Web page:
The COVID-19 pandemic has disproportionately affected African American college students and put them at high risk of mental health concerns. Guided by the community resilience model, this study examined how Historically Black Colleges and Universities (HBCUs) communicated mental health resources during the COVID-19 pandemic. An analysis of HBCUs’ website-based communication showed that mental health received minimal importance in response to the ongoing pandemic. Although larger and advanced degree-granting institutions provided a relatively greater amount of mental health resources than smaller institutions, those resources might not be sufficient to buffer against the COVID-19 induced stressors. Providing such inadequate mental resources indicate that many HBCU institutions were unable to provide a necessary supportive environment for the campus communities. HBCUs may establish formal and informal networks with local and regional mental health support organizations and share resources. Specifically, smaller institutions would benefit from such networked support. Additionally, HBCUs need to prioritize mental health in their response to COVID-19 to promote resilience among the student community.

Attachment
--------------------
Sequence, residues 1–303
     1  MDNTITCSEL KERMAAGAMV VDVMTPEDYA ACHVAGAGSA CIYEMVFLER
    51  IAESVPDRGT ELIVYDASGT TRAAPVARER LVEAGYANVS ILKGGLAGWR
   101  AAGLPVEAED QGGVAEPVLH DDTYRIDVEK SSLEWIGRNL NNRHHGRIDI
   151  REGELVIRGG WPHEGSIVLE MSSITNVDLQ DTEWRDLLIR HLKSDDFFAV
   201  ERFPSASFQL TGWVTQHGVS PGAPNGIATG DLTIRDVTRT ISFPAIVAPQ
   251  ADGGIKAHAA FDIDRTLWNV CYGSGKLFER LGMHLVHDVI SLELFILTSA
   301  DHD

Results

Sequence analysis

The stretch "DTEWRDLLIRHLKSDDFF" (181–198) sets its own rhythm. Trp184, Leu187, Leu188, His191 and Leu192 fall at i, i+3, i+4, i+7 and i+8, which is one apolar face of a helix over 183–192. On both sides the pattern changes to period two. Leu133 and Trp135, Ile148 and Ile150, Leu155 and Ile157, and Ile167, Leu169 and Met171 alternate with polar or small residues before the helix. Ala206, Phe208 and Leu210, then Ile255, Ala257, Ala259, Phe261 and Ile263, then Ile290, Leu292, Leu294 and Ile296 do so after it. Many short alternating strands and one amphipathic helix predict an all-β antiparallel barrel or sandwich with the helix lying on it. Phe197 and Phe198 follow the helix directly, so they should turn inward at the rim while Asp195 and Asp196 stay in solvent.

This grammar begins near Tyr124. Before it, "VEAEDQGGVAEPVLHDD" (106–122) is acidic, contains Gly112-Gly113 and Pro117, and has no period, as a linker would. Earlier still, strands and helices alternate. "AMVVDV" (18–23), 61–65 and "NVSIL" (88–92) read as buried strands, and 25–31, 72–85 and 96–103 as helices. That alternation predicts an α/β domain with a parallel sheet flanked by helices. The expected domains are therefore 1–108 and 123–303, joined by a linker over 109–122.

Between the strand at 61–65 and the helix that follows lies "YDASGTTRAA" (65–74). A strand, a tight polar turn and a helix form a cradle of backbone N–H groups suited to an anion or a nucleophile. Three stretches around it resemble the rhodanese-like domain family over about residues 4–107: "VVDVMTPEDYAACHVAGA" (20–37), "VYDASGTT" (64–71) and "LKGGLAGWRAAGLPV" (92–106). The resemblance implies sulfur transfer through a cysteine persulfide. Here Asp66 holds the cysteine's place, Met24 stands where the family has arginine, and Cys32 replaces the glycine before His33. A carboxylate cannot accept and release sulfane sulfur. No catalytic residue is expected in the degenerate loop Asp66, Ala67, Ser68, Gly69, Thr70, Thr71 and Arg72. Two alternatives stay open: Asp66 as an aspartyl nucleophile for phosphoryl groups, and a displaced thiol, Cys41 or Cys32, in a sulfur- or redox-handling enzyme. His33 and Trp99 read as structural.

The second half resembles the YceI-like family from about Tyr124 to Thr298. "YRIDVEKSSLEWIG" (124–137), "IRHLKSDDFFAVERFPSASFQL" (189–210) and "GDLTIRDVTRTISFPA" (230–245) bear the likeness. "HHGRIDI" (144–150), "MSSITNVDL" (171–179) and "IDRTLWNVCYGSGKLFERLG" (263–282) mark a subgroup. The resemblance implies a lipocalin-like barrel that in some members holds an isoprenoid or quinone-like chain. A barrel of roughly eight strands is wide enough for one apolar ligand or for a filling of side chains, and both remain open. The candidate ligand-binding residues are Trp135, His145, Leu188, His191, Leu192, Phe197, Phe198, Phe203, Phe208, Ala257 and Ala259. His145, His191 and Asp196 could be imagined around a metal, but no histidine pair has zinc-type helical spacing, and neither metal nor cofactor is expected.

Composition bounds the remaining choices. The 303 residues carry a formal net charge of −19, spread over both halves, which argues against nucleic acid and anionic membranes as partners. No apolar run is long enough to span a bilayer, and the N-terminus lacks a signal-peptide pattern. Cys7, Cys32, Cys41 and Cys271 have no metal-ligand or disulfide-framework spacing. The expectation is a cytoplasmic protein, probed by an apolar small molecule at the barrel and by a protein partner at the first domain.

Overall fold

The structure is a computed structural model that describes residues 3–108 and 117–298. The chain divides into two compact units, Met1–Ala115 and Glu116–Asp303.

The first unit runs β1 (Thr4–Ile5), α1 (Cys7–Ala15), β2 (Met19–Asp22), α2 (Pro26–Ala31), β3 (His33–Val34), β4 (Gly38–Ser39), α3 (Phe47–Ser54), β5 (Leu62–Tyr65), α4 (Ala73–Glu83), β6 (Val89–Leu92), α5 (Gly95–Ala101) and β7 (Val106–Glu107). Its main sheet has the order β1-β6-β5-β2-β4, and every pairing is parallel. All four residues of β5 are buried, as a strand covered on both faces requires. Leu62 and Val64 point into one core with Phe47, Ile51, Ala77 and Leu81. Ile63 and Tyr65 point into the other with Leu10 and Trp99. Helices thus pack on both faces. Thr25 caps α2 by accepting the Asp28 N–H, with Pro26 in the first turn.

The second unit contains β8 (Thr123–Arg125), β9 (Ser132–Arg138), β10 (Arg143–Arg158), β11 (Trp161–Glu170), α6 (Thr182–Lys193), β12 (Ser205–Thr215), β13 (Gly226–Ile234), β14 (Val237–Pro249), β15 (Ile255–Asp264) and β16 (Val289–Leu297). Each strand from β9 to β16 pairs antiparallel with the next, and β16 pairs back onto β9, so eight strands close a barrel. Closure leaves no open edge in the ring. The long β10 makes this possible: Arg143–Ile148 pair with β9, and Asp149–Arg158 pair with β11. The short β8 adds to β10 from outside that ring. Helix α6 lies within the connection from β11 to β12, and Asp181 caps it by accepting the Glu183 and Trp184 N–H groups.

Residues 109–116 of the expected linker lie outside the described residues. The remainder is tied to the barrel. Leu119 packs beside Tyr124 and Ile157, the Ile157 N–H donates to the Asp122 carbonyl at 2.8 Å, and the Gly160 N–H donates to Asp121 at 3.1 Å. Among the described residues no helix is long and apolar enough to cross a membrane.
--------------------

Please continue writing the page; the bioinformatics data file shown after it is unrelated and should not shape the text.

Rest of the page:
Author ORCID Identifier

Najma Akhther: 0000-0001-5897-3102

Khairul Islam: 0000-0001-7624-0041